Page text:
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Lived Experiences March 14, 2022

The first time the spot on my neck caught anybody’s attention was at a dads and kids school camp. One of the dads suggested the spot on the back of my neck looked suspicious.

I actually had a skin check coming up at work, so I asked them to look at it. They checked it out and suggested I go see a specialist and have it biopsied.

I went to a GP who took a biopsy but when the results came back the margins weren’t clear, so I had to have another larger biopsy. The same happened again, the margins weren’t clear.

The uncertainty was becoming concerning.

I was worried that cancer cells might be travelling around my body.

When they couldn’t get the clear boundaries after multiple attempts, my initial thoughts were, am I going to survive this, how will my wife and kids manage without me, are my finances and insurances adequate for my family to keep our home?

I decided to seek another opinion and requested a referral to a plastic surgeon. I was sent to a plastic surgeon who took an even greater section from my neck.

Again, there was still uncertainty about the results. By this time, I was getting really worried.

Finally, my case was recommended to the WA Kirkbride Melanoma Advisory Service (WAKMAS) which is at the Harry Perkins Institute of Medical Research. WAKMAS has a whole team of different specialists all looking at a patient’s case.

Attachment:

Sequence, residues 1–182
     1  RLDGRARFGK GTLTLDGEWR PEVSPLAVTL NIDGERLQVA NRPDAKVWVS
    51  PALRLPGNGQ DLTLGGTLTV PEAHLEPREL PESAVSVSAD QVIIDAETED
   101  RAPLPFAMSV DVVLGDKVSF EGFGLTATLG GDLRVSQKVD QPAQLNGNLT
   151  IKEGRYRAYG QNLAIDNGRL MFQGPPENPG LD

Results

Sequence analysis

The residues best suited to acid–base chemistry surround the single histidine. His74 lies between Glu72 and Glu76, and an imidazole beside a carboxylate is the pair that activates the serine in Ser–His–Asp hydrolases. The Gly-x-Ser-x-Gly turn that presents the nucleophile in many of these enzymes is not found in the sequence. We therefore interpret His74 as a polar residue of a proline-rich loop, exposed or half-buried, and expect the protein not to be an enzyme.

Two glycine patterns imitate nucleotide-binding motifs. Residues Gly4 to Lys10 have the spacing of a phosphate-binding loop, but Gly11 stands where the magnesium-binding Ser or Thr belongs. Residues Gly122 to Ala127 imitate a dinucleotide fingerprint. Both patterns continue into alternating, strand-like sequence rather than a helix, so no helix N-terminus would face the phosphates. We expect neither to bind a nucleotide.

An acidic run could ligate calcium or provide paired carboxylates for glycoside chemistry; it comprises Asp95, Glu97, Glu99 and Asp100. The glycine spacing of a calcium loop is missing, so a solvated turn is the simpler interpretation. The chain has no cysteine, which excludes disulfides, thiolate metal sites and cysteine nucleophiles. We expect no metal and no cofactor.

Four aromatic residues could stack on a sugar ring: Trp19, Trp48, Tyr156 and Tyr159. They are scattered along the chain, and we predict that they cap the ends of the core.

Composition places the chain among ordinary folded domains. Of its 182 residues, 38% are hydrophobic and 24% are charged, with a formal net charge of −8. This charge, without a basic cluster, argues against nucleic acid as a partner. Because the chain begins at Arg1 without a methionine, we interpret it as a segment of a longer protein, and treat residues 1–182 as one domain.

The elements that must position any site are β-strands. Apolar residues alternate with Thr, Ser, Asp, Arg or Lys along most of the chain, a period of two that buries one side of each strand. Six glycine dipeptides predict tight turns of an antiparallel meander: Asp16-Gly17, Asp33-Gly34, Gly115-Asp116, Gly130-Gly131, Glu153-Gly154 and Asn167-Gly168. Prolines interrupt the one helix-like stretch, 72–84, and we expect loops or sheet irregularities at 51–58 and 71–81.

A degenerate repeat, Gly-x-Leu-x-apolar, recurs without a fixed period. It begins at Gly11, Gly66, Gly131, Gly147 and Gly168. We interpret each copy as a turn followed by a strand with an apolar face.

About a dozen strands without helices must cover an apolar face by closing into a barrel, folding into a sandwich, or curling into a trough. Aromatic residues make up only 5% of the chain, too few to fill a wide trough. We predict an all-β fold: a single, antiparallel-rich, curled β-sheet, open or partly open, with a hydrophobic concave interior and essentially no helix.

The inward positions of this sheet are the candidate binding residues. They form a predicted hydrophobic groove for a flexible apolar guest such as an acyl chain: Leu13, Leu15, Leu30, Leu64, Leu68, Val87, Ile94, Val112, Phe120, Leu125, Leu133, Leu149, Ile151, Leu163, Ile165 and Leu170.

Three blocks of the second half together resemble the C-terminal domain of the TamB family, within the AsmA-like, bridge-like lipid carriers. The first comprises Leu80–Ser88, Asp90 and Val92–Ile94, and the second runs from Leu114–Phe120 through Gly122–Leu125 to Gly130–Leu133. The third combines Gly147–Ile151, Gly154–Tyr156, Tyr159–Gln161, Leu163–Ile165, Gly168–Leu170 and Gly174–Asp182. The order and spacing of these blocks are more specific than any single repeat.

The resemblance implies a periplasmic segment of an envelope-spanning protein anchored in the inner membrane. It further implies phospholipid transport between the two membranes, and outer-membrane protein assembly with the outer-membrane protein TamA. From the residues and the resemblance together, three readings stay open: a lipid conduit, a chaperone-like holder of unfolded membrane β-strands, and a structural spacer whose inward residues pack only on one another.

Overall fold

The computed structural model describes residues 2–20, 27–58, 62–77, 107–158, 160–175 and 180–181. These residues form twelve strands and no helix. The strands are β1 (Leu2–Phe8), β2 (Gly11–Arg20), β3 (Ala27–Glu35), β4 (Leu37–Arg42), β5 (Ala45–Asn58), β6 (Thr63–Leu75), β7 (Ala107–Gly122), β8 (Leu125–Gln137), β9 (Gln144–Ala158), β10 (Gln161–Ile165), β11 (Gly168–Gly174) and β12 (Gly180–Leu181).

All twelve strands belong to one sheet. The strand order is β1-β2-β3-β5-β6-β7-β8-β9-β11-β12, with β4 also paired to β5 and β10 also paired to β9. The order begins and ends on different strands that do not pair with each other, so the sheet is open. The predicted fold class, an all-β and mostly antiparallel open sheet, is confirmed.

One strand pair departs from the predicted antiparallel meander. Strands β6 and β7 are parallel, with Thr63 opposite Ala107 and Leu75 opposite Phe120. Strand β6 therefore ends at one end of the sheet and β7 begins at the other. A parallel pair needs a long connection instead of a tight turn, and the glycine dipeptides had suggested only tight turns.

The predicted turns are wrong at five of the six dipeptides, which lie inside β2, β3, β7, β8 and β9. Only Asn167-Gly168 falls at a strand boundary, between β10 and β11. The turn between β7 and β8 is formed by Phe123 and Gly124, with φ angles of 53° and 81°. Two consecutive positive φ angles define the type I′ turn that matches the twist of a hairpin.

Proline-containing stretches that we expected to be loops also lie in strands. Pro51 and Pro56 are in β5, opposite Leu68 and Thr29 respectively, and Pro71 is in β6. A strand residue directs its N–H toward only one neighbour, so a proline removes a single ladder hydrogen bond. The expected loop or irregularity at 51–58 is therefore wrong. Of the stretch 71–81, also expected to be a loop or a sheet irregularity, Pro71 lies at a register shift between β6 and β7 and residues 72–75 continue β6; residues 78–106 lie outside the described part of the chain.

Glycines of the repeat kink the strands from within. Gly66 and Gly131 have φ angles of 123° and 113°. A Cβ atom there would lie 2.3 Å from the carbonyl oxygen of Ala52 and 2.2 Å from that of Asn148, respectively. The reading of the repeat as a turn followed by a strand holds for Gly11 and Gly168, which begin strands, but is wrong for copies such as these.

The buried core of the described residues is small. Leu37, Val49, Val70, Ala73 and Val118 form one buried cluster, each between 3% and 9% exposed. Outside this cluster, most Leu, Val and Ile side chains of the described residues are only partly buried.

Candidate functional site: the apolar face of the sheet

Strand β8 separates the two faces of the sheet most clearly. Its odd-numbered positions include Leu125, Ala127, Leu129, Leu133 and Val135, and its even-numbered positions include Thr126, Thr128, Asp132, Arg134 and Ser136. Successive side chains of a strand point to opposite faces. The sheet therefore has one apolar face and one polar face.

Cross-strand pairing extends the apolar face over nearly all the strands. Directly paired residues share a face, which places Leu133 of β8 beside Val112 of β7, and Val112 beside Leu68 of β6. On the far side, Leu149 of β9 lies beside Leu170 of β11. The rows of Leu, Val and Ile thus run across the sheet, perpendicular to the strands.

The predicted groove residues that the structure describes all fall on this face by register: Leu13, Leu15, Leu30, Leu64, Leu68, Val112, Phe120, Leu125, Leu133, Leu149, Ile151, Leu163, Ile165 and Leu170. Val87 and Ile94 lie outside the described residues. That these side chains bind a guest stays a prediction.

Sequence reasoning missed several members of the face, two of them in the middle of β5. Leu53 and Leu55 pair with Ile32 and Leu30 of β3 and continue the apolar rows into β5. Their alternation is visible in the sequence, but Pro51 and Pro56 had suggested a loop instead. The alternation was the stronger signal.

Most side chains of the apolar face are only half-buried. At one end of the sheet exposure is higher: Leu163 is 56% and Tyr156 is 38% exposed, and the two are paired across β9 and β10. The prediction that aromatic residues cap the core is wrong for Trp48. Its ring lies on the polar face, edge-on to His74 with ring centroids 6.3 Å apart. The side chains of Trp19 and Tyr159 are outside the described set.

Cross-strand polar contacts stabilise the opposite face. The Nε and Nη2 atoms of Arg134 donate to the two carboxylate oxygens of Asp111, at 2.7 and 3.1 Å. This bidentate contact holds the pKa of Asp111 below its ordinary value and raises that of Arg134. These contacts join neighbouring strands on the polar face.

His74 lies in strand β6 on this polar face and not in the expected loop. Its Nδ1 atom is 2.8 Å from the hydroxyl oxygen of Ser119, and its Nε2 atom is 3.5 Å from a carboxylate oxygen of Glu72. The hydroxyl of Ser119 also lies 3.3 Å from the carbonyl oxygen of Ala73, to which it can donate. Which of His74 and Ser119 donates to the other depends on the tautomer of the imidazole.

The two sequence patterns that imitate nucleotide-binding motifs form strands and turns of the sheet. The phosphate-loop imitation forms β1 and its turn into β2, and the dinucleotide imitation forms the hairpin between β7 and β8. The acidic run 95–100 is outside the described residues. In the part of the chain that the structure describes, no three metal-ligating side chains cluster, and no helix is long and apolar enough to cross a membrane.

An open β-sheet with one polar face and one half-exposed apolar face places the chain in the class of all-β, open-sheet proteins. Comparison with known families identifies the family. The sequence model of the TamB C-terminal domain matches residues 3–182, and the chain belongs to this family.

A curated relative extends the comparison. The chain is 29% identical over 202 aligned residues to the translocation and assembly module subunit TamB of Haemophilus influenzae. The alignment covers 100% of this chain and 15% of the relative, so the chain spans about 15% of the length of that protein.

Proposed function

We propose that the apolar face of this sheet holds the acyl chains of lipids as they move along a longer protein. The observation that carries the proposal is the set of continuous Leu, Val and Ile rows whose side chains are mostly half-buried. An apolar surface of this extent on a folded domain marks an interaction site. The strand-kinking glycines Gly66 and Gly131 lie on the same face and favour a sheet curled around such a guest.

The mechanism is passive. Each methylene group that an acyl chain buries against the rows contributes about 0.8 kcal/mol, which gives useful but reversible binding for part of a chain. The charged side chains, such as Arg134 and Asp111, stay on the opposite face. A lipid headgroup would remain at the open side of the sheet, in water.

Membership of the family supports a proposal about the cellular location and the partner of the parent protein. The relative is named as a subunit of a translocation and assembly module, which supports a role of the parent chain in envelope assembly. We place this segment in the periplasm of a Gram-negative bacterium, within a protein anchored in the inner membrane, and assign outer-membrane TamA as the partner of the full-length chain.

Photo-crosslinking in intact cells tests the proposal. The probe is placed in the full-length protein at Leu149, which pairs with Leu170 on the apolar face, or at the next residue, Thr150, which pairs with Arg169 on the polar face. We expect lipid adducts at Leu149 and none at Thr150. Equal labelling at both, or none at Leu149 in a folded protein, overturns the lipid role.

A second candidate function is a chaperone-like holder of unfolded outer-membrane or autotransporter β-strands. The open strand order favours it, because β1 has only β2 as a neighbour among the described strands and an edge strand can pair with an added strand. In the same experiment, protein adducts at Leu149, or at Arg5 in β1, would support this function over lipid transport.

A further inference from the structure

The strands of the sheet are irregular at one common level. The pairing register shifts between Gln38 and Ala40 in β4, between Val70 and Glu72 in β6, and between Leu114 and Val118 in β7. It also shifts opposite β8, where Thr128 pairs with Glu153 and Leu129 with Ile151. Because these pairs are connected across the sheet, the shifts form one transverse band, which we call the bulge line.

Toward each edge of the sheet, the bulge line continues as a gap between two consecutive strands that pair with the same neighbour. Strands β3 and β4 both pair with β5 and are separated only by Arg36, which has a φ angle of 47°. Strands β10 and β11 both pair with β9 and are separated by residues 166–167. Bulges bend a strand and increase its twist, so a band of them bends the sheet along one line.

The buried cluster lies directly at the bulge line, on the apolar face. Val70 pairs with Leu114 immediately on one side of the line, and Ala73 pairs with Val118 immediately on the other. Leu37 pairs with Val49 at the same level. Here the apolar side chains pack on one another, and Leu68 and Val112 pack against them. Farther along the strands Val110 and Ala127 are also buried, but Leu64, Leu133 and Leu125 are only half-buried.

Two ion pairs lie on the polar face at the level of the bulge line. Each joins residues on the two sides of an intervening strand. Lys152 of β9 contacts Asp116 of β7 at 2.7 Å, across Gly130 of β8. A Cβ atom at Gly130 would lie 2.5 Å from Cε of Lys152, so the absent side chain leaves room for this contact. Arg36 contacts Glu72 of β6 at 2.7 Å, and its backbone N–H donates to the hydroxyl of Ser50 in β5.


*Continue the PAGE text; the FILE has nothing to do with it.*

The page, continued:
Having a multi-disciplinary team assess my case was so much more reassuring. They are a panel of specialists made up of pathologists, dermatologists, plastics surgeons, medical and radiation oncologists who jointly decide how to treat a particular melanoma condition.

The team approach is what patients receive in comprehensive cancer centres like the Peter Mac in Melbourne.

The WAKMAS team concluded that the cells in the biopsies were transitioning to the deadly skin cancer melanoma. I was given the option to wait and monitor and remove any as they popped up or remove a large area of skin.

I opted to remove it all which was good because tests found that there were a few different melanomas present. I’ve also been genetically tested and found to carry a gene that increases my likelihood of getting other cancers including kidney cancer.

This combination of specialists all looking at my case is so much better than just one GP trying to work out what they are looking at.

The biggest issue I have now is dealing with the scar tissue down my neck and back. It is causing a lot of muscle tension and headaches. Regular physiotherapy, some injections and potentially more surgery this year will hopefully release the tension.

I’ve had ups and downs like anybody, but I try and seek out opportunities to fill the cup up with positivity and try to keep things in perspective. I’m still here, I’m lucky and very mindful of those who are not. I consider myself lucky, I guess the ongoing tension and pain in the neck has some impact, but I try not to let it stop me from doing and achieving the things I want to do.